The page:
Lines form for separate attractions at Hilltop Boilers Maple Syrup in Newfield on Sunday. Derek Davis/Staff Photographer

NEWFIELD — The population of this tiny, York County town swelled Sunday when throngs of people turned out to celebrate Maple Sunday at Hilltop Boilers Maple Syrup.

Across the state sugarhouses opened their doors for the 40th annual event, allowing the public to see how white sap is boiled into amber maple syrup and to taste maple products. It’s an early spring tradition that is growing more popular.

“You can see the crowd here today,” said Hilltop owner Michael Bryant as he looked at the lines of people. “There’s so many people who want to get out, celebrate spring, see the animals, see the farm and celebrate maple syrup. This is Newfield, a population of 1,700.”

By the close of the day, attendance Sunday will double or triple the town’s population, Bryant said.

A group of visitors watch as Murray Long finishes an ice sculpture at Hilltop Boilers. Derek Davis/Staff Photographer

Robust attendance was similar for the other three days Hilltop held open houses on March 18, 25 and 26, Bryant said. He holds more open house days to accommodate more visitors, he said.

Other sugarhouses also reported big crowds.


“We’re extremely busy,” Scott Dunn of Dunn Family Maple in Buxton said Saturday. He expected a heavy turnout Sunday. “Maine Maple Sunday gets more and more popular. It keeps growing.”

Across Maine, some sugarhouses held open houses all weekend while others only celebrated on Sunday, the traditional day. Maine has 520 producers licensed to sell maple products, according to Gov. Janet Mills’ office. Many sugar shacks offer pancake breakfasts and all kinds of maple products: maple syrup, maple coffee, maple candy, maple donuts and more.

Victoria Costa, 8, of Wilmington, Mass., reaches to pet a sleeping pig at Hilltop Boilers in Newfield on Sunday. Visitors were invited to guess the combined weight of the pigs in the pen. Derek Davis/Staff Photographer

The maple syrup industry is estimated to generate $55.6 million in economic activity a year, which supports more than 800 full- and part-time jobs across Maine. Maine is the third largest producer of maple syrup in the country, according to the state.

Attendees at Hilltop Boilers offered similar reasons for visiting the farm when they could buy the product at the supermarket. Maine maple syrup directly from the sugar shack is better, patrons said.

“It’s fresh. It’s made better,” said David Harmon of Parsonsfield, after he and his family posed for a photo at a decorative, 12-foot-plus maple syrup jug. Maine Maple Sunday is a family tradition, Harmon said: “I come every year.” His favorite is vanilla ice cream covered with maple syrup.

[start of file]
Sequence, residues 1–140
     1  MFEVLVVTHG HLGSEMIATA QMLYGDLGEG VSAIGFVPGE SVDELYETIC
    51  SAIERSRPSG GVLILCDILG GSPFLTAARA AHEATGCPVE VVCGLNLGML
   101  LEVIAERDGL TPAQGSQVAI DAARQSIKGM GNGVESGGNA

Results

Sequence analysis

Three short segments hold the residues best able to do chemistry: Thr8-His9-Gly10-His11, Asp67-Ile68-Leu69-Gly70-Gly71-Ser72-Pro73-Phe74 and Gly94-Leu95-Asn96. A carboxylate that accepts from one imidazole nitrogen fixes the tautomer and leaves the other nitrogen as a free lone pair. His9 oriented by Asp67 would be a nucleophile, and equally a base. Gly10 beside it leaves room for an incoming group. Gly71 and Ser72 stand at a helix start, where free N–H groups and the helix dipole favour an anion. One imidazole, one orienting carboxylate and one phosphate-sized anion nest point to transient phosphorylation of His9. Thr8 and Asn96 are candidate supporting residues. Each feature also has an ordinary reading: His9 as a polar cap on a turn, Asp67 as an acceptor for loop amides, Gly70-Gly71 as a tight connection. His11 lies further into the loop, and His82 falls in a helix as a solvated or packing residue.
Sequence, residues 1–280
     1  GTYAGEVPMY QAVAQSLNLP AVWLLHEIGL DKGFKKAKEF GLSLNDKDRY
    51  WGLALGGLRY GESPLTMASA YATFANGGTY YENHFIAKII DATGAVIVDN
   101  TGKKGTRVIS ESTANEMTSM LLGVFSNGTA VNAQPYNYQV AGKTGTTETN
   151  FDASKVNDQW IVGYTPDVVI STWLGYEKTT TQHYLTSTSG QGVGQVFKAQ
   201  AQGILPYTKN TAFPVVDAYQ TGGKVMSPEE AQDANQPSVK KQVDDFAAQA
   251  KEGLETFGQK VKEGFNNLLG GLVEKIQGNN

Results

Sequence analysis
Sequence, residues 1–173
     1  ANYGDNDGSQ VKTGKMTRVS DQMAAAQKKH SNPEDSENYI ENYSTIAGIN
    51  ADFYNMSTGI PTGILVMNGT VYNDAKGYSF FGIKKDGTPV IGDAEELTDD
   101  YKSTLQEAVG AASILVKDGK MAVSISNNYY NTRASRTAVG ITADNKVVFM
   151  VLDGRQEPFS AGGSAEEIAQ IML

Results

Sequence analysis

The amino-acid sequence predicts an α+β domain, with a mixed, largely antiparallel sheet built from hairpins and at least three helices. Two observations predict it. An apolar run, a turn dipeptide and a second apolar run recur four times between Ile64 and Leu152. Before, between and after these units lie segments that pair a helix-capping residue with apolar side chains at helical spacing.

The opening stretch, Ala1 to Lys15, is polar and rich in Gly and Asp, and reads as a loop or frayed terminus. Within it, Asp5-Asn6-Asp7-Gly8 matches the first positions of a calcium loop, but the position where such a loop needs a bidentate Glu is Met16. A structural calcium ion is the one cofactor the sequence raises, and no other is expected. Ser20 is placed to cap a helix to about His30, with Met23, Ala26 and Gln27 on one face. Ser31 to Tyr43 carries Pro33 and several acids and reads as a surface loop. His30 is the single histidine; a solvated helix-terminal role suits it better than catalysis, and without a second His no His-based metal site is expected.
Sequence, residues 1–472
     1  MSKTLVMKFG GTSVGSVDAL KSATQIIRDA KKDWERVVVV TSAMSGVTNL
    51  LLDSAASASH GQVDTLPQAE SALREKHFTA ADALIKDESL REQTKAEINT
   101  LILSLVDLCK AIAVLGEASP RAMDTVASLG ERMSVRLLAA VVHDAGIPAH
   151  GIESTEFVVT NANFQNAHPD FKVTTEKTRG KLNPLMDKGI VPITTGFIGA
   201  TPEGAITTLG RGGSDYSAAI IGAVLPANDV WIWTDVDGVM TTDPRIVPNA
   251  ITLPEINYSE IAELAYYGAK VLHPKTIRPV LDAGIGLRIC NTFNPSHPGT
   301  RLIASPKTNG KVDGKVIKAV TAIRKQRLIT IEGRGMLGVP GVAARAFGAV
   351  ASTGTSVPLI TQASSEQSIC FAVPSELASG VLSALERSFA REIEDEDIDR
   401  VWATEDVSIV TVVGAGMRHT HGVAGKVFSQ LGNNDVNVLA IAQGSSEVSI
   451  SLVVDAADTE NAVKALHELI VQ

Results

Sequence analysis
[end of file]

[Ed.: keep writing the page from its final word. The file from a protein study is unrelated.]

Jaxson Roy, 9, left; Jillianna Mason, center, 10; and Briella Mason, 4, all of Lewiston, pose in front of an inflatable syrup jug at Hilltop Boilers in Newfield on Sunday. Derek Davis/Staff Photographer

Vi and Arsene Lizotte of Lyman stood in line to wait to go into the barn to see cows, newborn calves and pigs. Their 4-year-old son, Arlyle, was perched on his father’s shoulders.


Vi Lizotte said her mother came another day and won a contest of “guess the combined weight of the pigs. She got it right!” Her mother gave Vi the $10 gift certificate coupon. Lizotte said she wouldn’t miss visiting a farm on Maine Maple Sunday.

“It’s supporting local,” she said. “Maine Maple Sunday is the best.”

Her family usually visits several sugarhouses in Limerick and Shapleigh. “I grew up in Shapleigh, and my parents did Maine Maple Sunday every year.” Now her husband goes, too. “He married into it,” his wife said with a laugh. Arsene Lizotte is more than fine with that. He likes ice cream with maple syrup, pancakes with maple syrup, maple flavored popcorn,”all of it,” he said. “Everything I can get.”

Chris Zuk of Sanford holds his twin grandsons, Greyson, left, and Jameson, 2, on Maine Maple Sunday at Hilltop Boilers in Newfield. Derek Davis/Staff Photographer

Patrick Dubuc of Lyman brought his daughters and his parents, Georgette and Robert Dubuc of Old Orchard Beach.

The French speaking couple, now in their 80s, grew up in Canada and have always enjoyed maple syrup in the spring.

Maine Maple Sunday “is right up their alley,” Dubuc said. His parents purchased a gallon. Georgette estimated the gallon will last them six months for French toast and maple taffy.


Of the 40 years that producers have held Maine Maple Sundays, “we’ve had 38 years of Maple Sundays,” said Hilltop owner Bryant.

He started his farm in 1984. Like other farms, it’s a family business.

Brenna Ott, 12, and her mother Brandy Berger, both of Lebanon, watch steam rise from a boiler at Hilltop Boilers in Newfield on Maine Maple Sunday. Derek Davis/Staff Photographer

Bryant said he sells between 5,000 to 6,000 gallons of maple syrup throughout the year, which includes retailing maple syrup from other Maine sugarhouses that don’t have marketing capability. All he sells “is Maine, maple syrup.” He wants to keep local syrup from being exported to Canada, he said. “We’re keeping it in Maine.”

Brenda Wedgewood of Limerick manned a booth giving away samples of maple popcorn, maple fudge, ice cream with maple syrup. “We’re very busy,” she said. “It’s wonderful. I like to see people getting out and enjoying the activities.”

The winter, Wedgewood said, “has been long.”

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